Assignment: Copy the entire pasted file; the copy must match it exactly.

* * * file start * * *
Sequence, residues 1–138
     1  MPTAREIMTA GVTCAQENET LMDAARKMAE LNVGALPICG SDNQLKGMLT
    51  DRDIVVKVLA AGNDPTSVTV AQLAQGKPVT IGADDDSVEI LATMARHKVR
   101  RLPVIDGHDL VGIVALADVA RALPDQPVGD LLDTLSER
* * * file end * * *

Sequence, residues 1–138
     1  MPTAREIMTA GVTCAQENET LMDAARKMAE LNVGALPICG SDNQLKGMLT
    51  DRDIVVKVLA AGNDPTSVTV AQLAQGKPVT IGADDDSVEI LATMARHKVR
   101  RLPVIDGHDL VGIVALADVA RALPDQPVGD LLDTLSER